Children were successively included into the study after having received an ASD diagnosis. Start of the therapy depended on the available capacity. Children with IQ < 30 or with a mental age below 18 months were excluded from the study. Other exclusion criteria were sensory impairments, cerebral palsy, epileptic seizures not treatable by antiepileptic therapy, other chronic neurological and motor disorder, severe psychosocial deprivation, insufficient care by parents, attachment disorder, and institutional upbringing.

Clinical measures

Diagnosis (T0) was made according to ICD-10 by obtaining a detailed clinical history, by the autism diagnostic interview-revised (ADI-R) with the parents, and direct observation of the child by the ADOS module 1 or module 2, using WPS algorithms, as well as clinical judgement by an experienced clinician. Baseline assessment (T1) was done within 4 weeks prior to the start of therapy, and the follow-up assessment (T2) took place after 1 year (mean 12.2 months, min 9.7, max 14.0 months; Table 1). The assessments were done by researchers not involved in therapy.
Table 1

Descriptive data of the sample

 

Male N (%)

Female N (%)

Total N

Gender

10 (77)

3 (23)

13

Autism

8 (80/males)

2 (67/females)

10

Asperger syndrome

1 (10/males)

1 (33/females)

2

Atypical autism

1 (10/males)

1

Full sample

Mean (SD)

Min

Max

 At diagnosis (T0)

  Age at diagnosis (months)

52.3 (13.8)

27.9

76.4

  ADI-R social interaction (A)

19.8 (4.5)

15

28

  ADI-R non-verbal communication (B)

9.6 (3.4)

4

14

  ADI-R stereotyped behaviour (C)

4.7 (2.7)

1

11

  ADI-R onset criteria (D)

4.0 (1.2)

2

5

  ADOS M1 communicationa (N = 11)

5.5 (1.8)

3

8

  ADOS M1 social interactiona (N = 11)

10.6 (2.6)

6

14

  ADOS M1 combineda (N = 11)

16.2 (4.1)

9

21

  ADOS M2 communicationa (N = 2)

7.0 (0)

7

7

  ADOS M2 social interactiona (N = 2)

10.5 (2.1)

9

12

  ADOS M2 combineda (N = 2)

17.5 (2.1)

16

19

  ADOS M1 + M2 repetitive behavioura (N = 13)

2.6 (1.6)

0

5

  ADOS severity scoreb (N = 13)

6.8 (1.3)

4

9

 At start of intervention (T1)

  Age at start of intervention (months)

69.3 (15.2)

47.5

91.6

  Mental age at start of intervention (months)

40.9 (14.3)

25

69

  quotient mental age/chronological age at start of intervention (*100)

62.2 (23.9)

35.4

107.7

  ADOS M1 communicationa (N = 9)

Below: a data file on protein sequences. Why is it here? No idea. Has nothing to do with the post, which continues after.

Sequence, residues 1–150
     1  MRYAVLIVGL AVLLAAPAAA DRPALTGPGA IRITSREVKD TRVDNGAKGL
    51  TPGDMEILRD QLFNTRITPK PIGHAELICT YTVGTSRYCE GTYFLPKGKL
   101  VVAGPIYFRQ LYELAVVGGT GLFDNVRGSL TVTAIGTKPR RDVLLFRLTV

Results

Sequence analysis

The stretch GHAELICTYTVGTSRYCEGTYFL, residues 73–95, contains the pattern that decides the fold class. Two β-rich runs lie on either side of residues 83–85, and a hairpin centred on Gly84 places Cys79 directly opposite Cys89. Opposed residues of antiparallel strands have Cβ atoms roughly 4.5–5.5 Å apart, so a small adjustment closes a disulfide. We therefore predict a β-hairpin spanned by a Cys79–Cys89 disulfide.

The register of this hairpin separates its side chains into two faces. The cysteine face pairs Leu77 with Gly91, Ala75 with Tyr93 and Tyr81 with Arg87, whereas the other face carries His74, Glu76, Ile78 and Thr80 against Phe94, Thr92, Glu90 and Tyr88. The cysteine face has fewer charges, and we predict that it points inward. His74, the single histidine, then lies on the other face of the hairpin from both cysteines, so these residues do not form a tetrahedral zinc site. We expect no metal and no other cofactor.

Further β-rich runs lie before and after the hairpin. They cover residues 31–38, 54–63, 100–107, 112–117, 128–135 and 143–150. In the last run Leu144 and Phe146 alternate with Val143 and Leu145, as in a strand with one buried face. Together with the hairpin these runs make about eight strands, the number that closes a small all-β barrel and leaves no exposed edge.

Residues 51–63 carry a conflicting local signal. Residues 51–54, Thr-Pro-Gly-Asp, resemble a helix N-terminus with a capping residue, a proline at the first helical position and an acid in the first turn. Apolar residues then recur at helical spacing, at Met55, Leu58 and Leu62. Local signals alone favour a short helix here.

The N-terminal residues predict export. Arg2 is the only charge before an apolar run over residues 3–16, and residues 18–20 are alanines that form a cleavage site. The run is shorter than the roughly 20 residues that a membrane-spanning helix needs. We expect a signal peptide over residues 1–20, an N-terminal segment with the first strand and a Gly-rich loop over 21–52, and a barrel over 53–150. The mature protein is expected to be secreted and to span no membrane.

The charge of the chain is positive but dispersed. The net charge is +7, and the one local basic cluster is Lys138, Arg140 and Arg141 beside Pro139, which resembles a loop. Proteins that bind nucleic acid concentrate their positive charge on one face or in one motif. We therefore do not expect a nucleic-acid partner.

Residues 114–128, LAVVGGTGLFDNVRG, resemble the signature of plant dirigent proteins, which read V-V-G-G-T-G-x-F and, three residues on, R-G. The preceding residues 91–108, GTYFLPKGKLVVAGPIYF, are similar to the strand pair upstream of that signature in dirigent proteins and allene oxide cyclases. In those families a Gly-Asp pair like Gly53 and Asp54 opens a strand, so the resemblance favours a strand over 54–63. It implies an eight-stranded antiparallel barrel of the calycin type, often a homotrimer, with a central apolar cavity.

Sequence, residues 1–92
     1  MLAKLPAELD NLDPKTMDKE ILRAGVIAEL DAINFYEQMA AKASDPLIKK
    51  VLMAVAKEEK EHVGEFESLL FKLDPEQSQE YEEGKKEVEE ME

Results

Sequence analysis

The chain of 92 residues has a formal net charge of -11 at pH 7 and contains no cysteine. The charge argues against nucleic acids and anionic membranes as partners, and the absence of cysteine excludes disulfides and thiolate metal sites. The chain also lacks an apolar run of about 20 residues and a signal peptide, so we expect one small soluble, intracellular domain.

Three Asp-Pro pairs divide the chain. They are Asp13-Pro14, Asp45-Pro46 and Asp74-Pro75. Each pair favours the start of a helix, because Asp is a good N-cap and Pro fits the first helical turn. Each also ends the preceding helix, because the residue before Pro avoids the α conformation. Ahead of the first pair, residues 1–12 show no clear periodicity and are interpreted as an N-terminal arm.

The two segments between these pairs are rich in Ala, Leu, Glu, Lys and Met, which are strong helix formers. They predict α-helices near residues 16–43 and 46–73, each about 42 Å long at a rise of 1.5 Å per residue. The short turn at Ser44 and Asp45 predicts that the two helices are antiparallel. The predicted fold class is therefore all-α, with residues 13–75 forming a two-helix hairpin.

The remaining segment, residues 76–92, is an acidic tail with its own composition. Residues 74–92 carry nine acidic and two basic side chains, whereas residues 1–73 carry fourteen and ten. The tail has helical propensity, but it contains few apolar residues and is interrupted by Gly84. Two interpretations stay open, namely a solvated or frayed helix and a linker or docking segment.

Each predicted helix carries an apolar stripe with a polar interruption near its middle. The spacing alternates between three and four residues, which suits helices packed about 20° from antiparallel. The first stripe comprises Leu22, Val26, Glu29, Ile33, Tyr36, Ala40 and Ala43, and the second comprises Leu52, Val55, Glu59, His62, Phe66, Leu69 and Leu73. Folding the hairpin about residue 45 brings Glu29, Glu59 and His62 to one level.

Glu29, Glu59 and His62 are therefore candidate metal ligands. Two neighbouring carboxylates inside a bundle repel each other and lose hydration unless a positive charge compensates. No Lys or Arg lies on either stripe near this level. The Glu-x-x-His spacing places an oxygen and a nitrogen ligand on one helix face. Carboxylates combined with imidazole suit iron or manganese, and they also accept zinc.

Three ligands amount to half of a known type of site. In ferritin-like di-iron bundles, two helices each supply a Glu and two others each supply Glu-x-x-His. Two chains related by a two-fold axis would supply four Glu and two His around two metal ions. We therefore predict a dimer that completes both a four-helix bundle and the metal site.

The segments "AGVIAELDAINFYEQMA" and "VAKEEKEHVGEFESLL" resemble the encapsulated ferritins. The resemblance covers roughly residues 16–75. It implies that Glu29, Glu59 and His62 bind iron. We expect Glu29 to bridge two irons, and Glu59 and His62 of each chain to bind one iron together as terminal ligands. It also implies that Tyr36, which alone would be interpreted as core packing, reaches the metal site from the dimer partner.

5.0 (1.7)

2

7

  ADOS M1 social interactiona (N = 9)

10.0 (1.4)

8

12

  ADOS M1 combineda (N = 9)

15.0 (2.2)

11

19

  ADOS M2 communicationa (N = 4)

7.0 (1.8)

5

9

  ADOS M2 social interactiona (N = 4)

9.3 (2.2)

7

12

  ADOS M2 combineda (N = 4)

16.3 (3.4)

13

21

  ADOS M1 + M2 repetitive behavioura (N = 13)

2.4 (1.2)

0

4

  ADOS severity scoreb (N = 13)

6.8 (0.8)

6

8

T2−T1 (months)

12.2 (1.3)

9.7

14.0

aWPS algorithm scores: separate algorithms for ADOS module 1 and ADOS module 2. The repetitive behaviour score is based on similar items in the ADOS module 1 and module 2

bCalculation of the severity score from Modules 1 and 2 was done according to Gotham et al. (2009), based on the revised ADOS algorithm, combining “Social Affect” and “Restricted Repetitive Behaviors” into one score (Gotham et al. 2007)

The following measures were obtained at T1 and T2: mental age was measured either by the cognitive scale of the Bayley Scales II (Reuner et al. 2008) in children with a mental age below 30 or by the Snijders-Oomen non-verbal Intelligence Test 2½–7 (SON) (Tellegen et al. 2007). A mental age quotient was calculated by dividing mental age (months)/chronological age (months) multiplied by 100. Repeated IQ measures could only be obtained in children who were capable of passing the SON at T1 (N = 10). The correlation of the mental age quotient and the SON-IQ in this sample was ρ = 0.97 (T1) and ρ = 0.96 (T2), respectively. Due to the floor effect of the SON, two children with a SON-IQ = 50 showed a lower mental age quotient of 39 and 43, respectively, at the beginning of therapy (Table 2). Adaptive behaviour was assessed by the Vineland Adaptive Behaviour Scale II (VABS; parent rating) (Sparrow et al. 2005), using published US-American norms. In addition, the ADOS module 1 or module 2 was performed. To compare the results of the ADOS across modules, the standardized ADOS severity scores were calculated (Gotham et al. 2009), based on the revised ADOS algorithm, which combines two domains, i.e., “Social Affect” and “Restricted, Repetitive Behaviours” (Gotham et al. 2007).
Table 2

Children’s individual data

Child

1

2

3